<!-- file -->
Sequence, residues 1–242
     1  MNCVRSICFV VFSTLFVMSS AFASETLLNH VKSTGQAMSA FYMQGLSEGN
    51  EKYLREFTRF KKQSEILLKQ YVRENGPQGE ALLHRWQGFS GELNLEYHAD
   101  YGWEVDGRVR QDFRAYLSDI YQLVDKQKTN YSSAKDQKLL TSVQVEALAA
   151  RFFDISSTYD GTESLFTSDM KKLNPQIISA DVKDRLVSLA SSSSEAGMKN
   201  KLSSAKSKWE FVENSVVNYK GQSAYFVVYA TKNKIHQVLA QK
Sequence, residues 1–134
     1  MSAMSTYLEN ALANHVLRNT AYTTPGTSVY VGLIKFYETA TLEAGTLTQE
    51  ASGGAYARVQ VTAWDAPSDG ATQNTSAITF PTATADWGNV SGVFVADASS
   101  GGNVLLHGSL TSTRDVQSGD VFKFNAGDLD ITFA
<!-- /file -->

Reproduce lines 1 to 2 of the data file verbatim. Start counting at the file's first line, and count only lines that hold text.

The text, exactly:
Sequence, residues 1–242
     1  MNCVRSICFV VFSTLFVMSS AFASETLLNH VKSTGQAMSA FYMQGLSEGN